We keep our students -- during the last two years of the, while they're at the Freedom School, the students are then taught English so that they can transition into the English public school. Last year we added a Grade 9 class. We only had three students who were in Grade 9 and now, this year, they're in high school in Grade 10. I think we have a unique and special school. The children are taught and cared for as if that child -- each teacher treats each child as if it was their own, and I think that's what is real different. [At] Other schools you don't have kids hugging their teachers, and here it's just a common every day thing to see that.
For the past two years we've had -- our first day of school has become real ceremonial and that's where the child that's coming into the school is introduced to their teacher. And the mom has the opportunity, or the parents have the opportunity, at that time, to inform that teacher what their expectations are and they can also tell what gifts or skills that child has, so that can be nurtured. So we have a lot of singing in the school. We have a lot of games. We teach a lot of traditional activities, such as medicine walks. A lot of our students know how to identify medicines. They know how to run a social in a Long House. That's just an example of some of the things that they do.
Since winning the [Honoring Nations] award in , which I want to say thank you again for that -- I've left the school actually, in November 2006. I just needed to take a break and do something else for awhile. Like I said, they added the Grade 9 class. So this year that Grade 9 class is still going. We have many -- part of our success, I think, comes from the partnerships that we have with community organizations such as the Akwesasne Task Force on the Environment. We partnered with them for three years, and they had funded, and they paid for a cultural educator. And that cultural educator really got into the ceremonies of the Long House, and he was teaching them how to conduct ceremonies and all the wording that goes with each ceremony. I'm sure you all know that in your -- when you don't use your language you're going to lose it. Like this man -- I forget what man was talking about the walleye. I'm sure if they're not using those words in their walleye fishing, they're losing a lot of their words. So that partnership worked out really well. But unfortunately, this year they ran out of funding and there wasn't funding to continue it. But I'm hoping that we'll find other funding so that we can keep this particular person working at the school.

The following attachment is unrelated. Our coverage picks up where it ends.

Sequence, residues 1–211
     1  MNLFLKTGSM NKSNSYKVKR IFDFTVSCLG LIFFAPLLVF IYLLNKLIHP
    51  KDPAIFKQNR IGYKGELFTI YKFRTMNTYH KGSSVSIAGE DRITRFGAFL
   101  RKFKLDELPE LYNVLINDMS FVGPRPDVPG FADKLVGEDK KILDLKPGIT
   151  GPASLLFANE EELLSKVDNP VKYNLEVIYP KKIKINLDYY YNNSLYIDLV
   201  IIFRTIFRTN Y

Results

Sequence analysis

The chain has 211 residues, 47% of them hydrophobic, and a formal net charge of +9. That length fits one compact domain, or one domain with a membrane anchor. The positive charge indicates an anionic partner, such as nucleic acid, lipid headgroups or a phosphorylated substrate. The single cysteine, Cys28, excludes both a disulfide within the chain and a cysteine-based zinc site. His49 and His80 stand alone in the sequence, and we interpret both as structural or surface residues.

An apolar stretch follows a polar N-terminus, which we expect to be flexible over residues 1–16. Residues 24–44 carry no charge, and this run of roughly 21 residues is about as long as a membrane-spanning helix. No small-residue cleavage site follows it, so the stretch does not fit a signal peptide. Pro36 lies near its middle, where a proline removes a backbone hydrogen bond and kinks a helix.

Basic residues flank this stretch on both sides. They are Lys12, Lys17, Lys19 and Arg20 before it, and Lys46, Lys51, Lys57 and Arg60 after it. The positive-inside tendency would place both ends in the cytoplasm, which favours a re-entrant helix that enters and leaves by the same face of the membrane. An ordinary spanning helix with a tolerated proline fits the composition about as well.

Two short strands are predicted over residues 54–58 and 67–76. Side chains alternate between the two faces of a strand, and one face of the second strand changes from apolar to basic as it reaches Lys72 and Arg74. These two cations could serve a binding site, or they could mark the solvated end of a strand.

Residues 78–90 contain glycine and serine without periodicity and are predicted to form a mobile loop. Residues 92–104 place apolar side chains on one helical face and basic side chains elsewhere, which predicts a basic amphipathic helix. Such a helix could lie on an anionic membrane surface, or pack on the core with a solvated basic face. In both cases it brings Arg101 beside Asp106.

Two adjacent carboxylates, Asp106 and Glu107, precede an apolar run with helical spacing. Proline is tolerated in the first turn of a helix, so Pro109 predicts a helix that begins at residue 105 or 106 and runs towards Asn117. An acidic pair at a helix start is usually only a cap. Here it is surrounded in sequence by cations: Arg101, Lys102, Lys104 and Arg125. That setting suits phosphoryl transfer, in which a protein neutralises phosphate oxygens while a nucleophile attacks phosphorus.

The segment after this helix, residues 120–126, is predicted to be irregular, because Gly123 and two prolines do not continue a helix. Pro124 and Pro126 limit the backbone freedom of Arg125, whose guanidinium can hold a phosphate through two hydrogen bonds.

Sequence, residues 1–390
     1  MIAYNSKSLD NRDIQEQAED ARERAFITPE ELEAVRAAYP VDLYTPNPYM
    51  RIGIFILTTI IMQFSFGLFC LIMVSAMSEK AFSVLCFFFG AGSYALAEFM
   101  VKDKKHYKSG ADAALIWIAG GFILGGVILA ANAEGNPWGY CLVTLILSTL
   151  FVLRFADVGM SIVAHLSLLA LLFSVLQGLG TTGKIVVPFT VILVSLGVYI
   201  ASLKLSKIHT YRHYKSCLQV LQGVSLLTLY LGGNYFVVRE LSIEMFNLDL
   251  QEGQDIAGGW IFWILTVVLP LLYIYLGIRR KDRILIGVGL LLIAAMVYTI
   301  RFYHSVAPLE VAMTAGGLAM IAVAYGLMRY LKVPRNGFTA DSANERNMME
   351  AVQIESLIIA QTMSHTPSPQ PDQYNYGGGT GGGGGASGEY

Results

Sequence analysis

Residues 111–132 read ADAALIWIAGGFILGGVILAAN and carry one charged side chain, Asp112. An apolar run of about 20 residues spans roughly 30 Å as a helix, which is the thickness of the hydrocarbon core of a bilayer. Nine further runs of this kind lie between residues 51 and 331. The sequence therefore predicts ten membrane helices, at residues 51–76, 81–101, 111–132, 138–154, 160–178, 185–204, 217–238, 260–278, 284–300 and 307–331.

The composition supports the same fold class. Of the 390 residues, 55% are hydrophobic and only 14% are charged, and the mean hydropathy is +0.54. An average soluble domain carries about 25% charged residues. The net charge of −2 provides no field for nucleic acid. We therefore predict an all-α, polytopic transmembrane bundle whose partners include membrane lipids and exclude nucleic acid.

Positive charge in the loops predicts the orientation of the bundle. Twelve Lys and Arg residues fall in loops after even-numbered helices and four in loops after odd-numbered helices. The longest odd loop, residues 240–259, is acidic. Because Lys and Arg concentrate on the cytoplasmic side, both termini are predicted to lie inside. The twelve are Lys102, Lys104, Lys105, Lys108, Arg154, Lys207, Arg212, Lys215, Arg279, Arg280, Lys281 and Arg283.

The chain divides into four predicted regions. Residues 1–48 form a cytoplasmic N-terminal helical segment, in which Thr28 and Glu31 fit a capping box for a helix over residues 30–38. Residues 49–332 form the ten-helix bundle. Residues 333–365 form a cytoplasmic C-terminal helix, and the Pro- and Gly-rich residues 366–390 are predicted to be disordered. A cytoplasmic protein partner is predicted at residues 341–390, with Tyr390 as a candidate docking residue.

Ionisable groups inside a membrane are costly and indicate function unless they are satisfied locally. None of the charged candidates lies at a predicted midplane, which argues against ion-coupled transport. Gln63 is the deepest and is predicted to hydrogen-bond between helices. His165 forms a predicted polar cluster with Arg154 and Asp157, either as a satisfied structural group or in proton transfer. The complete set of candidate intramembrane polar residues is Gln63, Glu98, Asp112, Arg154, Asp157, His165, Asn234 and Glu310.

Funding again is always a major issue. We're always looking for funding. Last year, or this past year, we got a little bit of funding from the tribal council and I'm hoping that they're going to give more, more and more on an annual basis, instead of occasionally. We get some funding from the Canadian Board of Education. Again, they've cut a lot this year. So we have to, again, find new funding for that. I don't really worry about that part because I think, regardless if the funding is there, I think the school will continue because people realize the importance and they realize the importance of our language, our culture, giving us our identity. That's it."